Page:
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Agasthyamala Biosphere Reserve in UNESCO List
Mar 30, 2016

On International Forests Day, out of India’s 18 biosphere reserves, Agasthyamala Biosphere Reserve, the tenth one, has been included in the prestigious UNESCO World Biosphere Reserve Network.

Key Features

  • Resting half in Kerala and half in Tamil Nadu along the Western Ghats, the reserve is a perfect example of India’s success in preserving and maintaining a forest biosphere.

  • It covers about 3500 square kilometres, and is part of Tirunalveli and Kankyakumari in Tamil Nadu, and Thiruvananthapuram, Kollam and Patanamthitta in Kerala.

  • Agastyamala, the peak after which the reserve is named, rises up to almost 1868 metres above sea level.

  • With roaring waterfalls, thick green covers, sparkling streams, and chilly atmosphere, parts of the Agasthyamala Reserve are also tourist spots.

  • Humans are allowed only in the buffer zone of the reserve.

  • The peak, which is a two-day trek, is located in the Neyyar Wildlife Sanctuary, and is also a popular pilgrimage spot.

  • The forest department allows trekking to the peak only in the months of January and February.

  • A limit of 100 people a day is also kept to ensure that the routes aren’t clogged.

Other Important Features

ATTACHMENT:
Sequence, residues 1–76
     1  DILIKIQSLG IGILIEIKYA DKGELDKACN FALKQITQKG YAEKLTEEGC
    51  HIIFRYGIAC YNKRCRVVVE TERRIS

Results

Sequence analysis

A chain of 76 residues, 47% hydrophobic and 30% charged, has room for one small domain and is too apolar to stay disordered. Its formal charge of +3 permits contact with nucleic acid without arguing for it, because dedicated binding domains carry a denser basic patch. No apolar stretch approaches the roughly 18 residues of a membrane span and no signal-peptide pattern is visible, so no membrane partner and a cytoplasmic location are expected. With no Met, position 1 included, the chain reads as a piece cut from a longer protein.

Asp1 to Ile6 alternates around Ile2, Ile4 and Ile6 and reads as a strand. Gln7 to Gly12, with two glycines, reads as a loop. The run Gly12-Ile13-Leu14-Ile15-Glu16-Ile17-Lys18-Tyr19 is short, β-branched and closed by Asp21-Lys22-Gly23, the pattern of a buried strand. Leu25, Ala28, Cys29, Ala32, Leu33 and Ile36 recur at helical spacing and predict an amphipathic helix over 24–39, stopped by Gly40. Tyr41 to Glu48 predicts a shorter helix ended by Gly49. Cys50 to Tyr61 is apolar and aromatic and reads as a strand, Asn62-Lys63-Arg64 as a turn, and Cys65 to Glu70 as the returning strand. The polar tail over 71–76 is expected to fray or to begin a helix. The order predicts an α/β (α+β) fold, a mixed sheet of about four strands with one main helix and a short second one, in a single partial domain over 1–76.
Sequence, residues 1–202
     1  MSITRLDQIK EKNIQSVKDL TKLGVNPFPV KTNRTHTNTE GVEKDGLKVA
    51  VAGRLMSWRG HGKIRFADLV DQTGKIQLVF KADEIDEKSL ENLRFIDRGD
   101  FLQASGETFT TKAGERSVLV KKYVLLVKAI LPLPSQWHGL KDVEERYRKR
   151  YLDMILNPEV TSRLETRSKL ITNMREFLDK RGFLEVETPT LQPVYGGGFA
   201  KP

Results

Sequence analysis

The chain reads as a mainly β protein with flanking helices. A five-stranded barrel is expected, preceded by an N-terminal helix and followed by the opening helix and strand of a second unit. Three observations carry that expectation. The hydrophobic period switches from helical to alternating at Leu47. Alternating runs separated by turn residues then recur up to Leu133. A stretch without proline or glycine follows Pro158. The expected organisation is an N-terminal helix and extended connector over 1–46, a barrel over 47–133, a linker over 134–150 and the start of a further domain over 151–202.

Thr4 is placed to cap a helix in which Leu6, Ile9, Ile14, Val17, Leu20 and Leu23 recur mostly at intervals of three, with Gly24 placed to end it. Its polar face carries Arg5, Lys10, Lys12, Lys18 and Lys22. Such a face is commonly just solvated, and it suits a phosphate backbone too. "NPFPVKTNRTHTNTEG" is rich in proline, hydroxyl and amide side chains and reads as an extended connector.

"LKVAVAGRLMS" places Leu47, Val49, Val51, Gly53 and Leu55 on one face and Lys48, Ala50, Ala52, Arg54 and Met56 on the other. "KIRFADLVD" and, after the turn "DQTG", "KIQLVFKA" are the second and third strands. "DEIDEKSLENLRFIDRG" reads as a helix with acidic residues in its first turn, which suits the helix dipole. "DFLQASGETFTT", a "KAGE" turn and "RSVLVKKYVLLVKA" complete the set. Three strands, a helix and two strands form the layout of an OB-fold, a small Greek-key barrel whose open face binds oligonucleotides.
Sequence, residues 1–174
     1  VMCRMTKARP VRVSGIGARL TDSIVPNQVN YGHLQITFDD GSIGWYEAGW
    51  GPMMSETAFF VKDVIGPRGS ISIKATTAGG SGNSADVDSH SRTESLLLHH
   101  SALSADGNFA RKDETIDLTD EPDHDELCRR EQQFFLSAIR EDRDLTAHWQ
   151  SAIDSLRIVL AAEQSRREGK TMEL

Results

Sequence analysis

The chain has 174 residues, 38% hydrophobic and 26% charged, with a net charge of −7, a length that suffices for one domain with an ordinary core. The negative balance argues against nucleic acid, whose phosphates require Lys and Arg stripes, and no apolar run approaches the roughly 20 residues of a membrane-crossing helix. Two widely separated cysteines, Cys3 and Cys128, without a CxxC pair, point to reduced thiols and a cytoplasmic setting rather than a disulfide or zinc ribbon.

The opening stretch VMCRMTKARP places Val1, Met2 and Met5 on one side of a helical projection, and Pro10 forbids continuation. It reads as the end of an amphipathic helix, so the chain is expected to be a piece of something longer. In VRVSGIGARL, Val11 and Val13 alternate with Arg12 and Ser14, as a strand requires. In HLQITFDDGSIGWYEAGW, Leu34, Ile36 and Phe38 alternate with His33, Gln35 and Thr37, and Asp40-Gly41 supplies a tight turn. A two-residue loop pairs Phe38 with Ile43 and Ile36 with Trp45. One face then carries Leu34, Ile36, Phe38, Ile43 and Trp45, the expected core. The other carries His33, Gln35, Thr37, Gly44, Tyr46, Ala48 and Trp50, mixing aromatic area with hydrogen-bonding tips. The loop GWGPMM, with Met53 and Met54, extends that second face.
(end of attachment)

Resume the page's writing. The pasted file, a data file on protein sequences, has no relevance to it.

• Almost 1/4th of all of India’s plant species are found here. The reserve consists of mainly tropical forests, home to over 2000 species of plants, of which 400 are native. Most of these are medicinal plants, while 50 species are endangered.

  • Arogyapacha, a medicinal herb used by tribals, is available in plenty here. Tribal settlements within the reserve rely on the forests and its 14 rivers for their livelihood. Kanikkarans, the area’s indigenous tribe, rely on agriculture, fishing and hunting.They live in huts made of bamboo and are known for medicinal healing through plants. However, while most of them have moved out of forests, there is still a small population that lives around the Agasthyamala region.

  • To promote sustainability, several programs have been setup to reduce the 3000-strong tribal population from using up all the resources, according to the UNESCO. Some of them also take up employment with the government as guides for tourists coming to the sanctuaries.

  • The lush forests provides for three wildlife sanctuaries within the reserve, Shendurney, Peppara, and Neyyar. The Kalakkad Mundanthurai Tiger Reserve was recently included as part of the biosphere reserve. Being Tamil Nadu’s first tiger reserve, it is also one of the most diverse ecosystems in the country. Besides the eponymous tigers, the reserve is also home to Asiatic elephants, Indian bisons, leopards, various species of bats, and over 200 species of birds.

The UNESCO World Network of Biosphere Reserves are exemplary of biospheres where people and nature have a harmonious relationship. The first of India’s reserves to make it to UNESCO’s list was Tamil Nadu’s Niligiri Biosphere Reserve in 2000. Besides this, West Bengal’s tiger-territory Sunderbans, Meghalaya’s Nokrek (home to the red panda) and the Great Nicobar (known for its saltwater crocodiles) have been included in the Network over the years.


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